A Review of Programming Mac OS X: A guide for UNIX Developers.

by James R. Williams Zavada, 27 May 2003

The book was written by Kevin O'Malley, and published by Manning Publications Co. Publication, purchasing and other information can be found on the publisher's website at http://www.manning.com/omalley/index.html.

In all, this book was well-written, well-edited, and is a welcome addition to my bookshelf. In the preface, O'Malley tells us that the book is "intended to introduce UNIX developers to the world of Mac OS X development environments, frameworks, and technologies." In my opinion, he lives up to his intentions. The book is divided into three main sections. The first very clearly explains the Apple implementation of UNIX and how it affects development therein. The author's explanations of how MacOS X works under the hood made it easy for me, an accomplished Linux and UNIX hacker, to begin working comfortably with this new environment.

The second section amply covers the use of development tools that are native to MacOS X as well as the traditional UNIX tools that are available. I am impressed with how O'Malley integrates the use of the traditional command-line with which UNIX developers are familiar, and the new GUI program development tools. He makes it easy to get up to speed in Apple's new environment, and use the system to the programmer's greatest advantage.

The third section is comprised of tutorials covering the various types of programming that can be done using MacOS X. This section is the meat and potatoes of the book, and very definitely sated my hunger for MacOS X programming knowledge. My only disappointment with this sections was that because he only gives bare-minimum coverage of the Objective-C programming language, O'Malley really should have recommended some further resources. He already went to the trouble of creating such a wonderful resources chapter at the end of the book, but he unfortunately neglected to include Objective-C resources. However, what he does describe of the language is very well done, and his examples are clear and easy to follow.

The several appendices are similarly well-written, cover a selection of informative topics, and appear to be ordered by likely usefulness. The first explains how to acquire and install the MacOS X development tools, without which development is virtually impossible. The second appendix maps UNIX to MacOS X commands and vice versa, which I found to be quite useful. The third describes the MacOS 9 environment, is good background information, and helps one to understand the MacOS interface mindset. The final appendix is a brief history of UNIX, which should already be familiar territory to many UNIX developers.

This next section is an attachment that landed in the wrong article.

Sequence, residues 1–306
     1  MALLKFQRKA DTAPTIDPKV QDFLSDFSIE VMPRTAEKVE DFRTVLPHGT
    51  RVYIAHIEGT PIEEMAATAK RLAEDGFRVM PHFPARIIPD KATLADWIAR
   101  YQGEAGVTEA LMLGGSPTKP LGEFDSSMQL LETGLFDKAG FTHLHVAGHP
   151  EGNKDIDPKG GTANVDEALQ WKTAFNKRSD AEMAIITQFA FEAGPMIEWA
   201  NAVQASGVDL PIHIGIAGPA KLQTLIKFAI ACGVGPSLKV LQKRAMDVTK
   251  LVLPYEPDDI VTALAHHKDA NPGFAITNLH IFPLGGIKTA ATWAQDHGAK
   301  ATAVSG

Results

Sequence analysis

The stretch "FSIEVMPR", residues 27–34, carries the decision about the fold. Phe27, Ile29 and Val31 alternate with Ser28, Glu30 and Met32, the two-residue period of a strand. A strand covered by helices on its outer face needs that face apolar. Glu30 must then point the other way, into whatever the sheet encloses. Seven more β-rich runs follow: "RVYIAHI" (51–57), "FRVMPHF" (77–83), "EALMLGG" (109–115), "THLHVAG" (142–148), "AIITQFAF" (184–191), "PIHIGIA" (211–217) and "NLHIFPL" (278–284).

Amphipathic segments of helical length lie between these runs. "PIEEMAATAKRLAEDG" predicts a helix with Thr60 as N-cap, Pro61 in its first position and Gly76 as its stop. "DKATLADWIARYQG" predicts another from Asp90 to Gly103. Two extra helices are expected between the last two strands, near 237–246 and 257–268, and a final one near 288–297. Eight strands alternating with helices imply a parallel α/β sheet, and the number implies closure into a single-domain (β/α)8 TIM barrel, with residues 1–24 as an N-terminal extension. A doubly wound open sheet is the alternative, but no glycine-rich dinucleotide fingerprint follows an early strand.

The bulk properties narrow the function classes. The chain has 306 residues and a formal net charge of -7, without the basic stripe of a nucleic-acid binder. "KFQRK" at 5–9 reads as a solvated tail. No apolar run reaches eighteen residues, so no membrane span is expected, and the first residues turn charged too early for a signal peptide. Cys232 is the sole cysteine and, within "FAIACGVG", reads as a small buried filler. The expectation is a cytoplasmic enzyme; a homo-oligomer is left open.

My only complaint about O'Malley's book has to do with the source code necessary to use and understand some of the tutorials in the book. In the preface chapter "About this book", there is a section labeled "Source Code". Therein, the source code is said to be available for download from an archive on the publisher's website, and lists the URL. Unfortunately, the URL doesn't actually send you directly to an archive, it sends you to a web page about the book. And although the web page does contain a link called "Source Code", which does bring you to a web page that allows you to download the source code, it's not explained very clearly in the book.

This lack of clarity regarding the source continues throughout the book. Near the beginning of chapter 3, we are told to start the ProjectBuilder, and to create a new Project folder and name it DisplayCat, in order to build a sample program. Then, we are to move an image file from a folder which, according to O'Malley, is on the "source code distribution disk". However, there is no such disk, and if the reader hasn't already read the "About This Book" in the preface chapters, he'll be left wondering where this disk is (as it wasn't included with the book)! Later on, in chapter 4, we're again directed to the source code, but this time it's mentioned as being in "the book's source code distribution". In chapter 6, we're asked to use a project located in a folder called "source_code/chapter06/CocoaWget", with nary a mention of how this folder came to be. Again in chapter 7 we're referred to a folder, and even if by now the reader has figured out how to get the source, the book splits the folder name with a hyphen so it continues on the next line, which leads to a bit of confusion while searching for a folder called "source_code/chapter07/Memory-Tracker" rather than the correct name of "source_code/chapter07/MemoryTracker".

In addition, the source code's gzipped tarball is a good six megabytes, so it takes significant while to download for us folks who still use dial-up access to the Internet (and recent statistics show that we're still in the majority). It would have been great if a CD had been included with the book, and I think the author or publisher maybe even originally planned to do so. Adding footnotes referring back to the blurb about downloading source, every time the source is mentioned, should have been made a part of the book by the time it was printed. Unfortunately, this didn't happen, and because you really do need the source code, it becomes the one notable drawback of this book.

In spite of this, I still found the book very useful and informative, and would strongly recommend it to any UNIX coder interested in developing for MacOS X. It has found a prominent place on my bookshelf while I learn to program Apple's version of UNIX development.

Copyright © 2003 by James R. Williams Zavada.